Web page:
Cheryl Wicks: A pet’s view of the world
I attended a class that discussed aggression in dogs and dog bites, among other subjects.
I begin to think about not only dog bites, but cat bites and scratches as well. Experts say that all bites are provoked. This doesn’t mean it is intentional on the part of the provoker. It means all behavior is motivated by something and we the people are often clueless.
We aren’t reading the tea leaves correctly and bites and scratches occur.
I tried to look at the world through the lens of a cat or dog. I thought that might help to reduce biting incidents. I often see children and adults kiss dogs they don’t know. Adults usually get bitten on the extremities and kids get bitten in the face more often.
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I thought “How much would I like it if a person I had no relationship with came over and kissed me all over.” I wouldn’t like it at all. I don’t bite but I might hit to get them away from me. Add to this that we are way bigger than our animal companions. This would be an additional intimidating factor.
Imagine this: You are at the grocery store shopping and someone proportionately bigger to you than you are to a cat or dog came over and flung you up in the air and said “How are you little fella?”
You wouldn’t like it.
With other people we realize that the appropriateness of certain actions is based on the nature of the relationship. For instance, a husband might pat his wife on the derriere, but the boss better not do that. We, in general, expect every dog or cat to desire an immediate close relationship with us. We almost take it as an affront if this doesn’t happen rather than accepting it might take the animal a little time to warm up and connect.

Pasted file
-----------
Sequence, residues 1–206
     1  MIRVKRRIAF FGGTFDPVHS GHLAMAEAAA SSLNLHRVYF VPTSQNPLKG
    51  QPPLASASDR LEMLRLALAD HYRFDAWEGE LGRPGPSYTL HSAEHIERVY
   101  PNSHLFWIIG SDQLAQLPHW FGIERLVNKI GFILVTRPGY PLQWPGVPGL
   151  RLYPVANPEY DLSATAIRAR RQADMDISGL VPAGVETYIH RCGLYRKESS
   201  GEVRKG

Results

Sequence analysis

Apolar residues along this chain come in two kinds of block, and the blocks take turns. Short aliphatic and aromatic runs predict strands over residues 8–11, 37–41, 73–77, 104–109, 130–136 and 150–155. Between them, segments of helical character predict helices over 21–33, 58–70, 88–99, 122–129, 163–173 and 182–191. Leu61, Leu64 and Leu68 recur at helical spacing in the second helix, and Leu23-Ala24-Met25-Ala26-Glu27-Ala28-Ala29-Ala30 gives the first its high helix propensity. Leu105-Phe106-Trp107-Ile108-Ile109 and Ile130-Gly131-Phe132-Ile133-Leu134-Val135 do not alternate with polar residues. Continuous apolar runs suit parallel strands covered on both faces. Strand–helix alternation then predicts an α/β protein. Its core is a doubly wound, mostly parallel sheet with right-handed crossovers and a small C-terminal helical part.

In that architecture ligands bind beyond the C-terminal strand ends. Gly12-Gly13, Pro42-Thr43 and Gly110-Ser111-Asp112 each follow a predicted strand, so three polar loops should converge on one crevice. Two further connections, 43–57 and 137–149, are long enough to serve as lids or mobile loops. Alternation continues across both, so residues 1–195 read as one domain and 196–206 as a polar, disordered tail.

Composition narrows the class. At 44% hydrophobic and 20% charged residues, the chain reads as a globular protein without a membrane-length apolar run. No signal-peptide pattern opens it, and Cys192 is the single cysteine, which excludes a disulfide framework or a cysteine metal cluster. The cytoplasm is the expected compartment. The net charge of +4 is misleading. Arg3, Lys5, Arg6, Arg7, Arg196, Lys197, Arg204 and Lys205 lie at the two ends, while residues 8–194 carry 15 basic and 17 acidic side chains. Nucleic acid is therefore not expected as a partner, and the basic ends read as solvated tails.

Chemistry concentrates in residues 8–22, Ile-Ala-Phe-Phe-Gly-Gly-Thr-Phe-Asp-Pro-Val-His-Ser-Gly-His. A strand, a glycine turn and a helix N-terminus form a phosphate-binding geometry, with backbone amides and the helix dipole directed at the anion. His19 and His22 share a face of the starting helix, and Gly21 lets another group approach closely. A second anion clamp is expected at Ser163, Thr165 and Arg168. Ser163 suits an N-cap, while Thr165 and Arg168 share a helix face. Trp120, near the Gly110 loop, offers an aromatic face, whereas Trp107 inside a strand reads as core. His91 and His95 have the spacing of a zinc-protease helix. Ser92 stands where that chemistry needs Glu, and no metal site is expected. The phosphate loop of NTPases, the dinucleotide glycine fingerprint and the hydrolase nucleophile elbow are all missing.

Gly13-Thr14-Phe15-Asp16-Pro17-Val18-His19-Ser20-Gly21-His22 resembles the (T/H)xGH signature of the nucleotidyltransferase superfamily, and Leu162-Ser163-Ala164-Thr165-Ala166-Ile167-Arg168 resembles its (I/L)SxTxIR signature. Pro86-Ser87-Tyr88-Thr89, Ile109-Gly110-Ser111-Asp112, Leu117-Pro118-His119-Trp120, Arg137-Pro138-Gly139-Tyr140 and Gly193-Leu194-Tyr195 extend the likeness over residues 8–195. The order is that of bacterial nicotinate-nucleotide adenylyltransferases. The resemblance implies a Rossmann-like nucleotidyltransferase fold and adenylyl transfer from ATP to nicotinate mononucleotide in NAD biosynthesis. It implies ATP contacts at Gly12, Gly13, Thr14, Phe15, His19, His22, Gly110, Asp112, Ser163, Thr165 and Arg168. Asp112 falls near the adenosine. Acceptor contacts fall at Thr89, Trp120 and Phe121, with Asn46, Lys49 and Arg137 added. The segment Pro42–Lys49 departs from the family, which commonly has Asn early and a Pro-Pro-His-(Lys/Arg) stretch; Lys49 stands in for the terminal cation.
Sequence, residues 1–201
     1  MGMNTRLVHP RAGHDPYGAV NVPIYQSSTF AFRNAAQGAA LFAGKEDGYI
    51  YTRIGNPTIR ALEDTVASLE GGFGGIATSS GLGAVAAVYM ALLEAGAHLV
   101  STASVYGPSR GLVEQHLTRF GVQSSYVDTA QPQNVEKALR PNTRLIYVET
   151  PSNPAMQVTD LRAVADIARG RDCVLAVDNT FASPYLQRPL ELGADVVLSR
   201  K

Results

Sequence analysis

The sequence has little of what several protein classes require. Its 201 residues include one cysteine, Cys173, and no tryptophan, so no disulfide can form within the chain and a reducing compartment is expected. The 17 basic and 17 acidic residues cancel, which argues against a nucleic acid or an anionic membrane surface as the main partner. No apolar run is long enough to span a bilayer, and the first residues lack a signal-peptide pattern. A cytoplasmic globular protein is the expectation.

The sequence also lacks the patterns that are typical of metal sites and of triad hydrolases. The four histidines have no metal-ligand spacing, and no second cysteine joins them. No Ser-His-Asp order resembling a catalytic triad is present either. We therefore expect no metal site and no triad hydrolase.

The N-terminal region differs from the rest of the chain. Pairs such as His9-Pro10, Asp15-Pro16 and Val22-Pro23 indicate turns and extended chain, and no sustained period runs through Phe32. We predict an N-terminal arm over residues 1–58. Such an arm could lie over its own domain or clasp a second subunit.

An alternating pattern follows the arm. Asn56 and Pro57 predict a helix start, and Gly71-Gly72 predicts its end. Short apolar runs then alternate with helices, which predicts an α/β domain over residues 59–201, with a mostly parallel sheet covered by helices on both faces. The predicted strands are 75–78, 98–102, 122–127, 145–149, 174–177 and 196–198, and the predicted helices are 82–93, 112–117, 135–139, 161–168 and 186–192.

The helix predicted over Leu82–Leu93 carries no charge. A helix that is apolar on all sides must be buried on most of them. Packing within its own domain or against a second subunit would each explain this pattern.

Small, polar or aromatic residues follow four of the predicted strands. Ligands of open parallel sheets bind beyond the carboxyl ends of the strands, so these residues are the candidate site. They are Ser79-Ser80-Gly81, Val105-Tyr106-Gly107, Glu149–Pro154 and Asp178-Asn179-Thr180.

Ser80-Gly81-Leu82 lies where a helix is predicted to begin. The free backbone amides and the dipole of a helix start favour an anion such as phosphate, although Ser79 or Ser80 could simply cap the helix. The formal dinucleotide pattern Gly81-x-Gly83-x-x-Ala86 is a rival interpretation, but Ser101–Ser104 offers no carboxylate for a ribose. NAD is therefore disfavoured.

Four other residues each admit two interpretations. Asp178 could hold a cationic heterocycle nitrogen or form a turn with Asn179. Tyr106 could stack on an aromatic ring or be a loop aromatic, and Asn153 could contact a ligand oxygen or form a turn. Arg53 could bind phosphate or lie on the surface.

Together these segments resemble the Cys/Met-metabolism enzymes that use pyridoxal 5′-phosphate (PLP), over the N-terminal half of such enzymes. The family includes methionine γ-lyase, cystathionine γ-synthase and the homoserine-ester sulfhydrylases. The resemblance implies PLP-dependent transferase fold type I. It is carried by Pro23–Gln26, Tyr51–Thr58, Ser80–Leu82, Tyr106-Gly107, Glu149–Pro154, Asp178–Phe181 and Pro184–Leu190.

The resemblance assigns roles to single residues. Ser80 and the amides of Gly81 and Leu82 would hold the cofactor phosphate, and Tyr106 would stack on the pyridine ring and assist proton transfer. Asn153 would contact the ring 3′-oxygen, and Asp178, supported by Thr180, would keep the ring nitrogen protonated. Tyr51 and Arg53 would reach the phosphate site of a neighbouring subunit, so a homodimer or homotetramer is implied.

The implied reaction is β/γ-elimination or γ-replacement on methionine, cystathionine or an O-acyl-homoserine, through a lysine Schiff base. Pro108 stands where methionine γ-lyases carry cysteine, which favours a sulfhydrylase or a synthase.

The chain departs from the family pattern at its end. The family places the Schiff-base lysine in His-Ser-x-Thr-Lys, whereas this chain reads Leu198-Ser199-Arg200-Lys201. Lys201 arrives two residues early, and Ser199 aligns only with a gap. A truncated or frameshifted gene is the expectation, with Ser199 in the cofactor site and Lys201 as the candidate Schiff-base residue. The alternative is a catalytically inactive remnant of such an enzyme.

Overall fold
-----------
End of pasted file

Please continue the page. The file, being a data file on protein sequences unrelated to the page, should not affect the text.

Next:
I see cats played with until they are over stimulated. At that point your hand becomes their mouse and you get a bite or scratch. It’s similar to someone tickling you to the point you can’t bear it and then you kick them.
Cats get the slow moving tail when they are agitated and have had enough. Many people miss this signal and get bitten or scratched. Dogs back off or growl a little. I see us trying to relentlessly win them over and further agitating them.
Give the animal a little space, just as you would like, if your space were being crowded.
My conclusion: We expect far more of animals than we expect of ourselves. With a little more sensitivity and relationship building I believe many bites and scratches could be avoided.
Cheryl Wicks is the co-founder and president of Sammie’s Friends.
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